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Vol. 37. Issue 1.
Pages 25-30 (January 2019)
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180
Vol. 37. Issue 1.
Pages 25-30 (January 2019)
Original article
DOI: 10.1016/j.eimce.2018.10.003
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Perspective of Spanish medical students regarding undergraduate education in infectious diseases, bacterial resistance and antibiotic use
La formación de grado en enfermedades infecciosas, resistencia y uso de antibióticos desde la perspectiva de los estudiantes de Medicina
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David Sánchez-Fabraa, Oliver J. Dyarb, José Luis del Pozoc, Juan Antonio Amiguetd, Juan de Dios Colmeneroe, María del Carmen Fariñasf, Francisco López-Medranog, Joaquín Portillah, Julia Praenai, Julián Torre-Cisnerosj, Jesús Rodríguez-Bañok, Céline Pulcinil, José Ramón Paño-Pardod,
Corresponding author
jrpanno@salud.aragon.es

Corresponding author.
, on behalf of ESGAP (ESCMID Study Group for Antimicrobial Stewardship)
a Servicio de Medicina Interna, Hospital Clínico Universitario Lozano Blesa, Instituto de Investigación Sanitaria Aragón, Zaragoza, Spain
b Health Systems and Policy, Department of Public Health Sciences, Karolinska Institutet, Estocolmo, Sweden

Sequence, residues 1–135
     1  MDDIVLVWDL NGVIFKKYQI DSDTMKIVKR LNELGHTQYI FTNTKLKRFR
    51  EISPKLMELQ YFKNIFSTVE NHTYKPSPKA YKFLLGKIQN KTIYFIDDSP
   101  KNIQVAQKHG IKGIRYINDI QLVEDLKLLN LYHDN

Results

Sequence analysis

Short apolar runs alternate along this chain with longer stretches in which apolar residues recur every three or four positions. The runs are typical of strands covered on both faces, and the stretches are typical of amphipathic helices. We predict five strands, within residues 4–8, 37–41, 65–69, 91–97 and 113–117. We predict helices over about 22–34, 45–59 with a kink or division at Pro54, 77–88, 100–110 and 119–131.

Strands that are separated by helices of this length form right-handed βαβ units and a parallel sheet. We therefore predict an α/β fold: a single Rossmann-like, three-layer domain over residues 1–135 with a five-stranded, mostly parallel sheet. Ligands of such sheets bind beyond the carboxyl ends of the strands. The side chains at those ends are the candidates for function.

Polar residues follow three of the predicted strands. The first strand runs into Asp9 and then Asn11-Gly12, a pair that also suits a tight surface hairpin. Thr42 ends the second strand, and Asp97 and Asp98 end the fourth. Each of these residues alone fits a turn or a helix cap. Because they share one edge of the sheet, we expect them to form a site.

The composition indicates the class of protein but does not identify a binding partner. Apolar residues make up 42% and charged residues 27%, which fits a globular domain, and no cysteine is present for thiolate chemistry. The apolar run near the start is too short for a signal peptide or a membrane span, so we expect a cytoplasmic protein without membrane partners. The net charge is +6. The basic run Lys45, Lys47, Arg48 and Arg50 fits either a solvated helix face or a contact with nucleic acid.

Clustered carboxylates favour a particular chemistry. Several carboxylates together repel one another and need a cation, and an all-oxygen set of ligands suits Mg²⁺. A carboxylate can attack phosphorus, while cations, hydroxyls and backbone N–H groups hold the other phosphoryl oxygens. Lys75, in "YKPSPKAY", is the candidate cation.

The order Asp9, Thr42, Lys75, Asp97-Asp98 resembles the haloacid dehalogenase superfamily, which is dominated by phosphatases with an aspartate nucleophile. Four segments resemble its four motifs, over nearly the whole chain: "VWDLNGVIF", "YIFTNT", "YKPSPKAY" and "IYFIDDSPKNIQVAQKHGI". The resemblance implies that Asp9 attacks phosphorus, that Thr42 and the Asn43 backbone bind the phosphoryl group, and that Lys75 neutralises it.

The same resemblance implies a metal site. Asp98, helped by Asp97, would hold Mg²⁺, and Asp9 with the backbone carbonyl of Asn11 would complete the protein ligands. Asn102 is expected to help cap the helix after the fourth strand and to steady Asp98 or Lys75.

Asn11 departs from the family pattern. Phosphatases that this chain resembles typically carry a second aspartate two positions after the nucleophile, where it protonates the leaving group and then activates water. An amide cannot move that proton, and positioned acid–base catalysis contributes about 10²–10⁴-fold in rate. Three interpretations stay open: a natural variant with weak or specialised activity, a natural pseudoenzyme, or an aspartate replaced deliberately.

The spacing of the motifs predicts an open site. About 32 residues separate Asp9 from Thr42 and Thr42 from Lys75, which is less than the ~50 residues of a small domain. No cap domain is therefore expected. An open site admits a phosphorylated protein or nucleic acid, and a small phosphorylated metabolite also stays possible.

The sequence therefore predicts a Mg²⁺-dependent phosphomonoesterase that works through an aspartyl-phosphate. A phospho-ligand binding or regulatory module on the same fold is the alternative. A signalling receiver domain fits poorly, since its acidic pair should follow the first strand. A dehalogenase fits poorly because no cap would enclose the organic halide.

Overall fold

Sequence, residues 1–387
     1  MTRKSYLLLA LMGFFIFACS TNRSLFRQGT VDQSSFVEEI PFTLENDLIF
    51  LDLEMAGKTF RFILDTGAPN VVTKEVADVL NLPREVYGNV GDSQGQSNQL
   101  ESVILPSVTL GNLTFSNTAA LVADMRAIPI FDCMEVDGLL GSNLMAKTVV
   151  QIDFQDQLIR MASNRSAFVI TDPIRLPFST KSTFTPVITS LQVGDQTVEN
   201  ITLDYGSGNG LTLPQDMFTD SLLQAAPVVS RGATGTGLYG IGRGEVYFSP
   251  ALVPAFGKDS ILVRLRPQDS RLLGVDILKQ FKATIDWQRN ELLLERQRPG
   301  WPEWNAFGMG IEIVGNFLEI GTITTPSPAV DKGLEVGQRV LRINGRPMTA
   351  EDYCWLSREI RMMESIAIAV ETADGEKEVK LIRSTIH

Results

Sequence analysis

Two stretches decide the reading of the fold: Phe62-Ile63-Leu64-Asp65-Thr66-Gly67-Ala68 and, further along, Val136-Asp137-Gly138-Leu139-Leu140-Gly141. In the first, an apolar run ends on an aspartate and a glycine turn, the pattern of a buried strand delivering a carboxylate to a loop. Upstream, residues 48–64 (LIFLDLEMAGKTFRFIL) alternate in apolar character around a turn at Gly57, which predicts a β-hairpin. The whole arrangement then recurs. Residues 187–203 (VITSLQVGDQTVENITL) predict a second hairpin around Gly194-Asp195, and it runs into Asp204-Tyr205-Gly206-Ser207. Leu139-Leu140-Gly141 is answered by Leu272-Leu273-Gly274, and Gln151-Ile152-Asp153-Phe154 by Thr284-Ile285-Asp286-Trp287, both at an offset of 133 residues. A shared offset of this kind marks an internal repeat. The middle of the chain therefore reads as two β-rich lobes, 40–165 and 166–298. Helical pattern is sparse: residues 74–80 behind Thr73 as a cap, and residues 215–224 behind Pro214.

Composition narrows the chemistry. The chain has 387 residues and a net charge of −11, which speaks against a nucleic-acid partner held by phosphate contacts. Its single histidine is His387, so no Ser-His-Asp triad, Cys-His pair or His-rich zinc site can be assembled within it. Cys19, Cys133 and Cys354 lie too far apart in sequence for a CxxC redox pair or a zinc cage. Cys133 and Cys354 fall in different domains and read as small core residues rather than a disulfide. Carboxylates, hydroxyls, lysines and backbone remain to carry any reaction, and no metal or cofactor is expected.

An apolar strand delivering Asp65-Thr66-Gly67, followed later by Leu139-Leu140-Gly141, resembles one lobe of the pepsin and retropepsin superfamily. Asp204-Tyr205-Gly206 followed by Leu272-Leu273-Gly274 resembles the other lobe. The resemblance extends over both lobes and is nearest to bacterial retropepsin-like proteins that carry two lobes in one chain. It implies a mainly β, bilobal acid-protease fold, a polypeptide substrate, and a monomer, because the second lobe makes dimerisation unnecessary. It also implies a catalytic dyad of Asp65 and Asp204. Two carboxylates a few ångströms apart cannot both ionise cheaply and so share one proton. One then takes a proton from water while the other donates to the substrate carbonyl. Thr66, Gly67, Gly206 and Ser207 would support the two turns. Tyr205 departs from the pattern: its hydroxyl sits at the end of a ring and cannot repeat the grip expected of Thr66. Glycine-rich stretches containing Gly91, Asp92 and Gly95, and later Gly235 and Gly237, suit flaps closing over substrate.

c Unidad de Enfermedades Infecciosas, Servicio de Microbiología Clínica, Clínica Universitaria de Navarra, Departamento de Microbiología, Universidad de Navarra, Pamplona, Spain
d Servicio de Enfermedades Infecciosas, Hospital Clínico Universitario Lozano Blesa, Instituto de Investigación Sanitaria Aragón, Departamento de Medicina, Universidad de Zaragoza, Zaragoza, Spain
e Servicio de Enfermedades Infecciosas, Hospital Universitario Regional de Málaga, Instituto de Investigación Biomédica de Málaga, Málaga, Spain
f Unidad de Enfermedades Infecciosas, Hospital Universitario Marqués de Valdecilla, Departamento de Medicina, Universidad de Cantabria, Santander, Spain
g Unidad de Enfermedades Infecciosas, Hospital Universitario 12 de Octubre, Instituto de Investigación Biomédica i + 12, Departamento de Medicina, Universidad Complutense de Madrid, Madrid, Spain
h Unidad de Enfermedades Infecciosas, Servicio de Medicina Interna, Hospital General Universitario de Alicante, Instituto de Investigación Miguel Hernández, Departamento de Medicina, Universidad Miguel Hernández, Elche, Spain
i Servicio de Enfermedades Infecciosas, Hospital Universitario Virgen del Rocío, Sevilla, Spain
j Unidad de Gestión Clínica de Enfermedades Infecciosas y Microbiología, Hospital Universitario Reina Sofía, Instituto Maimónides de Investigación Biomédica de Córdoba (IMIBIC), Departamento de Medicina, Universidad de Córdoba, Córdoba, Spain